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Texas to receive $1.17 billion from pharmaceutical companies in opioid settlement

Andrew Zhang, The Texas Tribune

Texas to receive $1.17 billion from pharmaceutical companies in opioid settlement” was first published by The Texas Tribune, a nonprofit, nonpartisan media organization that informs Texans — and engages with them — about public policy, politics, government and statewide issues.

Texans seeking help for substance use can call the Substance Abuse and Mental Health Services Administration’s free help line at 800-662-4357. They can also access services available in their region through the Texas Health and Human Services website.

Texas and some of its largest counties will receive $1.17 billion in opioid relief money as part of a nationwide settlement from three large pharmaceutical distribution companies, Texas Attorney General Ken Paxton announced on Wednesday.

The money comes from a $26 billion settlement signed by 52 American states and territories that Texas joined in July. Paxton has pushed for cities and counties to join the settlement with three pharmaceutical companies — McKesson Corp., Cardinal Health and AmerisourceBergen — that have been accused of exacerbating the opioid crisis by overlooking the number of opioid pills that pharmacies ordered in the past two decades.

Texas and entities in the settlement will receive the money, which will principally go toward opioid overdose treatment, prevention and education, over the next 18 years. The agreement also includes a system that would track and report drug shipments across distributors.

“The companies were sued for their role in creating and fueling the nationwide opioid epidemic,” Paxton said at a media event at LifePath Systems, a McKinney-based nonprofit that has increasingly spent funds on combating fallout from the opioid crisis. “The opioid crisis throughout the nation and the state of Texas is staggering.”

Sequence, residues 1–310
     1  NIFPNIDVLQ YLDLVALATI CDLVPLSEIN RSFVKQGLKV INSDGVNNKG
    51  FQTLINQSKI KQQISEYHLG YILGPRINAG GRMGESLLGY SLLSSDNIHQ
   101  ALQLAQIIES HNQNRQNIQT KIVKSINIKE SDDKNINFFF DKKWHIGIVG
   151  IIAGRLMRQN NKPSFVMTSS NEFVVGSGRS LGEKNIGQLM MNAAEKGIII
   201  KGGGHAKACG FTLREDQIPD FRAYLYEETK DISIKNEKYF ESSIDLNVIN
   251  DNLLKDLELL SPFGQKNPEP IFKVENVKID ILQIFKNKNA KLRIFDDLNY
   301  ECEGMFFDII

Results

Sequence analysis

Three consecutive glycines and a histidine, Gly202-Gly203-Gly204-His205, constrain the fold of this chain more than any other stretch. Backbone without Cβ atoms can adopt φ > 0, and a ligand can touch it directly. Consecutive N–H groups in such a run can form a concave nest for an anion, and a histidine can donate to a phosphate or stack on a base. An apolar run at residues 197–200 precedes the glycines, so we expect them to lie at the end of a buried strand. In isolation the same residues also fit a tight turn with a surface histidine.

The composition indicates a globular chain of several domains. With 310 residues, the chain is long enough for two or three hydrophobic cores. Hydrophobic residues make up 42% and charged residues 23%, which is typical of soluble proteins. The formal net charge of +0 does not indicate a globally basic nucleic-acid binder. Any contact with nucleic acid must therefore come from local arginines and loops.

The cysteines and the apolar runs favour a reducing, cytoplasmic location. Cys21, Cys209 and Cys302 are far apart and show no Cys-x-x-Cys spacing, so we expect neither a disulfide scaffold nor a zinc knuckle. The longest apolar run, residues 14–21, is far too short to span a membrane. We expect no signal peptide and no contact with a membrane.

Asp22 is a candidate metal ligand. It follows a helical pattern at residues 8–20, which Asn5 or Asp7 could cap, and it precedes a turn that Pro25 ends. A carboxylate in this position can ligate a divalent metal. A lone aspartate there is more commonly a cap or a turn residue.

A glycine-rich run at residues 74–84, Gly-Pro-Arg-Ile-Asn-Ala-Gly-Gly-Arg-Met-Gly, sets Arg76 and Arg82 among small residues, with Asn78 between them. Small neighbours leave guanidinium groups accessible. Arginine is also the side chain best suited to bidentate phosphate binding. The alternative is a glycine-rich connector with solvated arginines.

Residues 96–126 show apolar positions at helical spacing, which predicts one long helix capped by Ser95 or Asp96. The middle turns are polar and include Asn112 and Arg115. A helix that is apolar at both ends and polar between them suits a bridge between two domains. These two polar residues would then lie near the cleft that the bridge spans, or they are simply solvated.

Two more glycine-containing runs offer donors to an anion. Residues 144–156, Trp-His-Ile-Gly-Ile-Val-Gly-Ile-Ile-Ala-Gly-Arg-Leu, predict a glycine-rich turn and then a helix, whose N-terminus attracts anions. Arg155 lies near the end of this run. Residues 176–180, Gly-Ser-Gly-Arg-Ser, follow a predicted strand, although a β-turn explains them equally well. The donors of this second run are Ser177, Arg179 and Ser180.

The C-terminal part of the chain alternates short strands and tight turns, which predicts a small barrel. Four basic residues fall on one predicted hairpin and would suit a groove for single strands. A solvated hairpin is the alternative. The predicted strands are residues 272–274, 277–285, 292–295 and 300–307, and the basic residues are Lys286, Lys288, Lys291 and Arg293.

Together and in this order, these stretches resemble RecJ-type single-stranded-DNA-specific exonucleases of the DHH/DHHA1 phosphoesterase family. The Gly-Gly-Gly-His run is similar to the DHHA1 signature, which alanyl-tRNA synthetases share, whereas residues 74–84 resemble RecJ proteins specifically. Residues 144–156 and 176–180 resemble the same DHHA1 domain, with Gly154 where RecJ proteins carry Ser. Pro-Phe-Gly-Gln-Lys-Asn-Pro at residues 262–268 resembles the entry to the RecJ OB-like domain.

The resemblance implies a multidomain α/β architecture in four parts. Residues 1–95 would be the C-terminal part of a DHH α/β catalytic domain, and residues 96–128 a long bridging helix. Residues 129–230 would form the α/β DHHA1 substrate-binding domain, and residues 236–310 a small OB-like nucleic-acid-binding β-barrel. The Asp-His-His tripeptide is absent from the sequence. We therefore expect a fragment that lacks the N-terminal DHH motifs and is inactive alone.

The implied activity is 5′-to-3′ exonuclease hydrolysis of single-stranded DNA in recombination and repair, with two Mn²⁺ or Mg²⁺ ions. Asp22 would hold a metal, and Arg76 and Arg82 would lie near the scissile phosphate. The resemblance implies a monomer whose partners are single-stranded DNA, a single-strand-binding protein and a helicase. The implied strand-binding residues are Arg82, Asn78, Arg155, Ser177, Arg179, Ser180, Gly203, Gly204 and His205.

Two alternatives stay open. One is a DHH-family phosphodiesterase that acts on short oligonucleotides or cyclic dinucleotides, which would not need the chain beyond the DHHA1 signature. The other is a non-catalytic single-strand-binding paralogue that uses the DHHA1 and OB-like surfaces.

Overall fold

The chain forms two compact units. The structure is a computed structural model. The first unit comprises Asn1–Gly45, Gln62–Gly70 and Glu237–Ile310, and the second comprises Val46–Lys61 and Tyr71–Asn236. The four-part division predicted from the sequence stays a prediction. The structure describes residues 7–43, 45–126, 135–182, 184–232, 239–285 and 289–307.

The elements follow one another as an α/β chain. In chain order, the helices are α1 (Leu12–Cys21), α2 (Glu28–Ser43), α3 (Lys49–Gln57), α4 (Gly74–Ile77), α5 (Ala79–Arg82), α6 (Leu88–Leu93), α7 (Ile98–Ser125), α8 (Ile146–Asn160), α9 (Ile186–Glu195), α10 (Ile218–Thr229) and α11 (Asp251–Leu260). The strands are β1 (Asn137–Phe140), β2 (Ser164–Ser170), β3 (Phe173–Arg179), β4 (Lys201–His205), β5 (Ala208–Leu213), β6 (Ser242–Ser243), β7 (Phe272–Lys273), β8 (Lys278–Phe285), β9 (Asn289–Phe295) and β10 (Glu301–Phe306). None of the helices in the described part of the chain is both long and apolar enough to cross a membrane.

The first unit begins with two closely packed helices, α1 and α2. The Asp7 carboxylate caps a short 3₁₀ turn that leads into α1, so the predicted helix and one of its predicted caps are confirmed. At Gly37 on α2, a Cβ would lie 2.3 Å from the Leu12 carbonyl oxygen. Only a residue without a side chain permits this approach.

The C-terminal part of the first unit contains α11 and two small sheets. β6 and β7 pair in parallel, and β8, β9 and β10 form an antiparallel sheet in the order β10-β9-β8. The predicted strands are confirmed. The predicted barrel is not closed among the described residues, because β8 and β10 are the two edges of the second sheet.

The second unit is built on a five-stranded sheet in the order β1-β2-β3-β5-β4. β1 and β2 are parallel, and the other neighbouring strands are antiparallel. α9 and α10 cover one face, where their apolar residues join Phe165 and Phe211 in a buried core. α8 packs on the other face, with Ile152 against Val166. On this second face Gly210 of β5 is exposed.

The three pharmaceutical companies, which did not immediately respond to requests for comment, have denied wrongdoing in past statements.

“While the companies strongly dispute the allegations made in these lawsuits, they believe the proposed settlement agreement and settlement process it establishes … are important steps toward achieving broad resolution of governmental opioid claims and delivering meaningful relief to communities across the United States,” the companies said in a statement after the July agreement was announced.

Nearly half a million people died from overdoses involving opioids from 1999 to 2019, according to the U.S. Centers for Disease Control and Prevention.

So far, Texas has secured more than $1.8 billion in opioid relief money from various pharmaceutical companies, including $225 million from Teva Pharmaceutical Industries last week. In October, Paxton announced a $290 million settlement with pharmaceutical giant Johnson & Johnson for its use of what the state called deceptive marketing tactics that helped contribute to the crisis.

To enter the $26 billion settlement, a county or city had to join the agreement by Jan. 26 and surrender its ability to individually sue the companies. About 90% of the local governments nationwide that were eligible to participate in the agreement entered it. The amount of overall money that Texas received depended on how many local entities joined the agreement. Paxton encouraged cities and counties to join.

Paxton said his office worked extensively with county judges from Collin, Dallas, Bexar, Harris and Tarrant counties and attorneys general from states including California, Florida, Massachusetts and New York.

Officials from Bexar, Dallas and Harris counties lauded the settlement, in prepared statements, as a path to address the impact of the opioid crisis within their communities, pointing toward the larger $1.8 billion number that Texas has secured overall and also $75 million worth of Narcan, a drug that can reverse opioid overdoses when administered quickly.

“This is another step in holding companies accountable for their role in the opioid crisis,” Harris County Attorney Christian Menefee said in a statement. “Too many communities have dealt with incredible losses, and this settlement helps move us toward recovery.”

This article originally appeared in The Texas Tribune at

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